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Getting Social Security Disability can be hard for some, but it's not impossible

There are certain impairments people have and some groups of people in which obtaining Social Security disability benefits can be harder than for others.

Let's start with the simple:

1. Certain kinds of mental and physical impairments.

The vast majority of claimants that are denied, fit within this category. If a person is only alleging mental impairments that keep him or her from working, this makes it more difficult to be approved. The primary reason is that you can't see depression in an MRI or x-ray. The symptoms are mostly, if not all, reported from the claimant and diagnosed by the doctor from listening to the claimant. So, many times it falls to credibility of the claimant testifying in a hearing before being possibly awarded benefits.

That's why, if a claimant does have mental impairments that keep him or her from working, if there are any physical impairments as well, those too should be listed as to why the claimant is unable to work.

In regards to physical impairments, certain kinds can also be difficult to allow a claimant to be awarded benefits. For example, lupus and other connective tissue diseases can be hard to diagnose and convince the Social Security Administration they are so severe they keep a claimant from working. And, by and far, one of the most difficult cases to win is epilepsy. For some strange reason, many judges believe a claimant is capable of working even if he or she is experiencing daily seizures. For physical impairments such as these, it is extremely important a claimant go to the doctor or hospital on a regular basis and make a daily log of their seizure activity.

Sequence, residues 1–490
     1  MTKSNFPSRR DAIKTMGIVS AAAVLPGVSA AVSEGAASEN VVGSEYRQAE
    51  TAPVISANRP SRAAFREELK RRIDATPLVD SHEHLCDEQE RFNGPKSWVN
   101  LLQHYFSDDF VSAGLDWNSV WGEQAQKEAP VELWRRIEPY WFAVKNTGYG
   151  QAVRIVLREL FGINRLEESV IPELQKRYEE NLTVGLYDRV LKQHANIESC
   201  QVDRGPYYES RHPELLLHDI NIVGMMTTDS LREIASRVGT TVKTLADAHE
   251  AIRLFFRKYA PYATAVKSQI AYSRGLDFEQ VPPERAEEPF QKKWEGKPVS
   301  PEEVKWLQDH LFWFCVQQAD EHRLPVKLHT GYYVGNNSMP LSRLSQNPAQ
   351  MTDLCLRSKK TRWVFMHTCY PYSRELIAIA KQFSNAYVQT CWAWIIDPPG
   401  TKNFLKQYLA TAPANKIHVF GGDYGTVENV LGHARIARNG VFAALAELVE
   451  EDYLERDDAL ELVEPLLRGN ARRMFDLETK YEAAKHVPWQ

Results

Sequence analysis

Now, on to the harder stuff:

2. There are certain categories of people who will have a harder time being approved than others.

A. Anyone under the age of 50.

In order to be found disabled under Social Security's "rules," it is assumed that a person under the age of 50 can do some type of unskilled sit-down work, even with his or her impairments. Therefore, a person within this category must overcome this presumption in order to win his or her case. Oftentimes, this is too large a burden to do so.

B. Anyone who had a sit-down type of job within the last 15 years of filing for disability.

In order to be approved for disability benefits, a person must not be able to return to any work (performed at a certain level) within the last fifteen years of filing for disability. Remember, oftentimes it is presumed a person is capable of performing some type of sit-down job. If that person has in fact done so within the last 15 years, then SSA may believe he or she can still do so.

C. Any person that had management skills within his or her past employment.

This becomes very important for claimants over the age of 50. These kinds of skills can easily be transferred to other kinds of work. If skills can transferred to other types of work, then a claimant will still be denied even if he or she has a severe impairment or combination of impairments. Sadly, SSA favors claimants over the age of 50, with unskilled work in the past. If you have these certain skills, you may find you will have to go before a judge to better explain your impairments.

We help claimants throughout Texas fighting for their Social Security disability benefits. Please feel free to contact us at: (888) 780-9125.

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